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Physical Sciences and Engineering

The SoLID Experiment

The unprecedented combination of luminosity and acceptance, made possible with the SoLID apparatus in Hall A, will unlock access to physics processes that cannot be measured anywhere else.

To fully capitalize on the Jefferson Lab 12 GeV upgrade, the proposed SoLID (Solenoidal Large Intensity Device) experiment in Hall A can offer an unprecedented combination of luminosity and acceptance, unlocking access to measurements that cannot be performed anywhere else. Developing this spectrometer (Figure 4.5-1) would entail a confluence of the core competencies of the Medium Energy Physics (MEP) group, which combines leadership of a cutting- edge physics program, detector development for high- luminosity environments, development of software and analysis infrastructure for large-scale electron scattering experiments, and access to world-class engineering resources.

The SoLID apparatus in its first (semi-inclusive deep-inelastic scattering) configuration with the polarized 3He target on the left.

The baseline program of the SoLID experiment consists of three configurations. The first configuration will focus on precision measurements of proton and neutron structure in terms of their internal quark dynamics. In particular, the transverse momentum structure of the neutron will be studied through scattering off a transversely polarized 3He target.

The second configuration will focus on a study of the non-perturbative gluonic structure of the proton through near-threshold J/ψ production. These measurements will shed light on the emergence of the proton mass, constrain the properties of a QCD Van der Waals binding force, and constrain the properties of possible five-quark states discovered by the LHCb experiment.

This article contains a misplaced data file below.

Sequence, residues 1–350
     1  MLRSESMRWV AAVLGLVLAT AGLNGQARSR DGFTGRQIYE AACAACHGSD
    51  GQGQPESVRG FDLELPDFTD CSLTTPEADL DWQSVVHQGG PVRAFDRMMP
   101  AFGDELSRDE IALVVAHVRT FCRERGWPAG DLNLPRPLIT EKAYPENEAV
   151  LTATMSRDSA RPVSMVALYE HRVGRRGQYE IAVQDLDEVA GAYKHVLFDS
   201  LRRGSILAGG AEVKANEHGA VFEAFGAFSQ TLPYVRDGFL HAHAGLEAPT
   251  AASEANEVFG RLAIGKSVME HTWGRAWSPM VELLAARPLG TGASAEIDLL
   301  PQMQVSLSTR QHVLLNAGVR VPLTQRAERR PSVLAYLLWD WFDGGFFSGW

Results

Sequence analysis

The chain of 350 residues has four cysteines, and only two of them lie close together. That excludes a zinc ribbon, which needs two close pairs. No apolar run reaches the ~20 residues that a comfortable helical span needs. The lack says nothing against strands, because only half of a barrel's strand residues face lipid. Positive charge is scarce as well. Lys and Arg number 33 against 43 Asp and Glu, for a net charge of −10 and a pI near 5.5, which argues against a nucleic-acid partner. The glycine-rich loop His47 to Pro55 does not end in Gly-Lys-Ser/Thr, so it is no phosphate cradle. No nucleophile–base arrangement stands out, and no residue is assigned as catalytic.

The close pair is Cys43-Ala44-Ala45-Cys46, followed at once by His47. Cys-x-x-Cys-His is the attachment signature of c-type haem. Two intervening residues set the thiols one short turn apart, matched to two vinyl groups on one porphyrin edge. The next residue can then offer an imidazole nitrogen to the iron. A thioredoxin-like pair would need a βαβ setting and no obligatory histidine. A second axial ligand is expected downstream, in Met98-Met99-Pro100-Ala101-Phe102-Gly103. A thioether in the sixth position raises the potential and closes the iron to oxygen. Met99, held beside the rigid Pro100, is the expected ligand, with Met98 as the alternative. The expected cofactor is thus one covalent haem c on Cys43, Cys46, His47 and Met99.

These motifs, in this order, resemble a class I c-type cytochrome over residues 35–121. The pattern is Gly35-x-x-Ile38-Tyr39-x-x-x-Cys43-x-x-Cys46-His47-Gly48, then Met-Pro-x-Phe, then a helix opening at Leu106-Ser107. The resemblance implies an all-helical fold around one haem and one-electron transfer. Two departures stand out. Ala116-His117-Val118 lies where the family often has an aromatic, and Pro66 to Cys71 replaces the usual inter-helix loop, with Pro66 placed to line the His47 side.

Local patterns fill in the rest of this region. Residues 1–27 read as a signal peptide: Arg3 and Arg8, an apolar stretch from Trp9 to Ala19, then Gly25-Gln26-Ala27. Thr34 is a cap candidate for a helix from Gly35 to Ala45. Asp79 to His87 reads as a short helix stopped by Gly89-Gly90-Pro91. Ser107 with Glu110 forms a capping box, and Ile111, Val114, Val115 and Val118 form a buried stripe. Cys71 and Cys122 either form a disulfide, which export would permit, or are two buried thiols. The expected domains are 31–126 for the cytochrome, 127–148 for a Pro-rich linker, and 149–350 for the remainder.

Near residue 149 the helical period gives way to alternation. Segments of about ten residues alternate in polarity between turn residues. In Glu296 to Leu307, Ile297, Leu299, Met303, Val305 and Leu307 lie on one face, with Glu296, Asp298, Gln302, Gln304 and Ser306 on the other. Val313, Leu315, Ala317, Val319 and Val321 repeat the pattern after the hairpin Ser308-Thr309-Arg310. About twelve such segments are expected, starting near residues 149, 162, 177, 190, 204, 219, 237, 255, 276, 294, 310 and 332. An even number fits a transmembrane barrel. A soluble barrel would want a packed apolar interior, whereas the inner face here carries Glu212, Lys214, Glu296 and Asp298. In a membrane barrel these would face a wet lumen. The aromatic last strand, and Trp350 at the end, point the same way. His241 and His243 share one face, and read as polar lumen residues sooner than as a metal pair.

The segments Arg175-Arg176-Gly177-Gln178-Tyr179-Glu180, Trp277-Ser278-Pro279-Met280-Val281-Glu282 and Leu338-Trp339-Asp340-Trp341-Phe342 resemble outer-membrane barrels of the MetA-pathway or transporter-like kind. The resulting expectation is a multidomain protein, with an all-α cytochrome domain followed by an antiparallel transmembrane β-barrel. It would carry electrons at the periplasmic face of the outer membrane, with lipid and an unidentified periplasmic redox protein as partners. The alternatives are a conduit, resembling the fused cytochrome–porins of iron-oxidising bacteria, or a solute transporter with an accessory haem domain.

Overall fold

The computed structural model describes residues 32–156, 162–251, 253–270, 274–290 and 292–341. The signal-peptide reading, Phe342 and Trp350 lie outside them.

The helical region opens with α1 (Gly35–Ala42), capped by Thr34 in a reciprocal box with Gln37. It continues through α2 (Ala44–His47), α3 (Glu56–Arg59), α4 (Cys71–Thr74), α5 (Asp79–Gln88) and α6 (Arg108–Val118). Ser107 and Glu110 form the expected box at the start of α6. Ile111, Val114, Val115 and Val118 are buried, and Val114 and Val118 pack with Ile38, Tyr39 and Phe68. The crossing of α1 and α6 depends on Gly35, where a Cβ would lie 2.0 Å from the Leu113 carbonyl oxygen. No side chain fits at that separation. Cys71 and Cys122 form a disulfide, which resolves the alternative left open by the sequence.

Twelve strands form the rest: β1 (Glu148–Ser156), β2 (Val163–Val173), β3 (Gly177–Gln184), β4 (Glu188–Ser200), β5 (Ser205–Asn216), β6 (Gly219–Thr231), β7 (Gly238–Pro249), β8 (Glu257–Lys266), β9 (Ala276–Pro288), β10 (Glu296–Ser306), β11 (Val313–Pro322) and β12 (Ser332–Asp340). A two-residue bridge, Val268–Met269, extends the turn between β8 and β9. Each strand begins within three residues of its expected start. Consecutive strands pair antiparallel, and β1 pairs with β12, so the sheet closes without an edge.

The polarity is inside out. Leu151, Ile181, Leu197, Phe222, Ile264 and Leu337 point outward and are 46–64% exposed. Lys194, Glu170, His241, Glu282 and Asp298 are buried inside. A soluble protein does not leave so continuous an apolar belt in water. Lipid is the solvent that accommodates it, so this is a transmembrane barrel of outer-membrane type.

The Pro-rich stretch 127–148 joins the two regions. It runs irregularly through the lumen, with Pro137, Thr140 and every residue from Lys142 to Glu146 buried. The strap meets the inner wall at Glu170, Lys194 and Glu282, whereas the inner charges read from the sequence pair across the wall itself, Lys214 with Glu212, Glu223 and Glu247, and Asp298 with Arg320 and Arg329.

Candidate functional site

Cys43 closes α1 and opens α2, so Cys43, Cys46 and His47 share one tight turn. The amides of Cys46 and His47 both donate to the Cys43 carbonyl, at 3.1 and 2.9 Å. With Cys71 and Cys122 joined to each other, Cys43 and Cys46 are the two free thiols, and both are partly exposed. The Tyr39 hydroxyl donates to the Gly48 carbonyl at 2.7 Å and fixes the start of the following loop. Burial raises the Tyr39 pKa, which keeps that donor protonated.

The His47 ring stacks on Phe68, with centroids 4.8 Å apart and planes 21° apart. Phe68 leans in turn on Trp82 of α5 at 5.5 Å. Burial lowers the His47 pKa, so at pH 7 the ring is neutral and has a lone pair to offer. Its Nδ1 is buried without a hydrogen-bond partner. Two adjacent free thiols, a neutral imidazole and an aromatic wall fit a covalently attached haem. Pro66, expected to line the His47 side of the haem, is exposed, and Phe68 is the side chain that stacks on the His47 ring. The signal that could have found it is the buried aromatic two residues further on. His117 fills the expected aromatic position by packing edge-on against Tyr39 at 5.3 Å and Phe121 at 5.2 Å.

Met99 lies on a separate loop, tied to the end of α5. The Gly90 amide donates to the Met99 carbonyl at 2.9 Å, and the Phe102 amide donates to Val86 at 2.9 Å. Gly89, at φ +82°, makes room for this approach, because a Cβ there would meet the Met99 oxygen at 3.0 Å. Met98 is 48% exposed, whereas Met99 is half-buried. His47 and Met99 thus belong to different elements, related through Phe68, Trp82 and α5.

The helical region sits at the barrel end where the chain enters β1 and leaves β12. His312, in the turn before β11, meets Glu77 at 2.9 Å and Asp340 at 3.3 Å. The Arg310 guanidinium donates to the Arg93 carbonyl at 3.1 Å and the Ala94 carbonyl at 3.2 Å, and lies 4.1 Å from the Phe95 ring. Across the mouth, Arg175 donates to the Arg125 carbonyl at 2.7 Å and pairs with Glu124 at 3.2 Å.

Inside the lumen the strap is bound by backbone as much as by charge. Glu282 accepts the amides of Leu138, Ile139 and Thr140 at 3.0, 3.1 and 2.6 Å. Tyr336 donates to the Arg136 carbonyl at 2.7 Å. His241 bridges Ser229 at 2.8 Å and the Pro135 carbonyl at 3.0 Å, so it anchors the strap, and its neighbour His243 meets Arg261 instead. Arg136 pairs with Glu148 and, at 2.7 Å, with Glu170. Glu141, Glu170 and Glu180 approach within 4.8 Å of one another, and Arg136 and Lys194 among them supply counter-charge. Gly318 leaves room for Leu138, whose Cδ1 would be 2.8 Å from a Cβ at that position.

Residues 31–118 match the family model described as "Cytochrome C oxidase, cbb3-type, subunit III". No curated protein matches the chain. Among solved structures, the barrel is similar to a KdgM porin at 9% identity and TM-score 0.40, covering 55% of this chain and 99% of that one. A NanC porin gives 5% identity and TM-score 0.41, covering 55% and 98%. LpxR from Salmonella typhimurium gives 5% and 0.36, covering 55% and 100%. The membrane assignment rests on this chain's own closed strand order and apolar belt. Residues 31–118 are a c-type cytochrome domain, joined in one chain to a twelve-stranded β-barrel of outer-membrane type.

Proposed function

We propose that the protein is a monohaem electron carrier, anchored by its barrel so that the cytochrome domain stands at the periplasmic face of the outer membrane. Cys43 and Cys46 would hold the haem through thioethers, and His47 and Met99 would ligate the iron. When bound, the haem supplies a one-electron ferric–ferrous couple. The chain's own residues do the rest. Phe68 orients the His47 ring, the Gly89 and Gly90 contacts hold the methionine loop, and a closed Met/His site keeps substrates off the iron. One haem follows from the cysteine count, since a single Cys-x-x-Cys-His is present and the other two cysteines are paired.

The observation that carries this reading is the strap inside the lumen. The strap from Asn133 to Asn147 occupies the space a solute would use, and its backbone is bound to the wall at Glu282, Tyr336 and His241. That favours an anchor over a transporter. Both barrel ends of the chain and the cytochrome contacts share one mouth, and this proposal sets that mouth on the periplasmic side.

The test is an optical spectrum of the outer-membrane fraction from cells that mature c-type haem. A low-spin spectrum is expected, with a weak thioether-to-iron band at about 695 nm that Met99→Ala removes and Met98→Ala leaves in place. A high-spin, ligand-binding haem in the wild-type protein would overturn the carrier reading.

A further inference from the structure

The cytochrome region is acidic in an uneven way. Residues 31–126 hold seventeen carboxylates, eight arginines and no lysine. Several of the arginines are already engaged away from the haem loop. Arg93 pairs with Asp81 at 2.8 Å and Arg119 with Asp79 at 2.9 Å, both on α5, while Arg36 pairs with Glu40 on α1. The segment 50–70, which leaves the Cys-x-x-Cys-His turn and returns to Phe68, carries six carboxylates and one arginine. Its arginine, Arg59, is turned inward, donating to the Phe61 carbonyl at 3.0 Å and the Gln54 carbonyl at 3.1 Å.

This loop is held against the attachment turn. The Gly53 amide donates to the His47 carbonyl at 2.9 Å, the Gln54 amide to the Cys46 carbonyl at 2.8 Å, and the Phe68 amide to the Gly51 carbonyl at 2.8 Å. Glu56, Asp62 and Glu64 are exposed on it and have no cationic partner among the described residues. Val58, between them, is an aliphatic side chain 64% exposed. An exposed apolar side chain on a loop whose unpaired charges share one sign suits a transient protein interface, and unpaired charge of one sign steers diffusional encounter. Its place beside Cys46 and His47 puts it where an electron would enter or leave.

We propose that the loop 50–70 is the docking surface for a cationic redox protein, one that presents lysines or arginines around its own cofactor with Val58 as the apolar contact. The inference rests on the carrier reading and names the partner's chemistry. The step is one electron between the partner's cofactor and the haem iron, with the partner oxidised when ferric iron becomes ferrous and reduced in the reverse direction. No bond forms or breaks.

In its third configuration, SoLID will allow us to study parity, one of the most fundamental properties of nature. In its simplest form, parity conservation means that a process, when viewed in a mirror, should behave the same as it would without the mirror. This seemingly simple property is violated, albeit rarely, by particle interactions involving the weak force. We will use an ultra-precise measurement of parity-violating deep inelastic scattering, measured with the SoLID spectrometer, to test the framework in which we understand the weak force, searching for signatures of beyond the Standard Model.

Geant4 simulation of an exclusive J/ψ event in the SoLID detector.

The MEP group is responsible for the design and construction of several critical system in the SoLID spectrometer. To ensure the high-rate capabilities of the detector and data acquisition system, we conduct targeted pre-R&D measurements through a series of parasitic experiments in Hall C. Furthermore, we provide for leadership in the software development for detector simulations and reconstruction, leveraging Argonne’s capability for high-performance computing.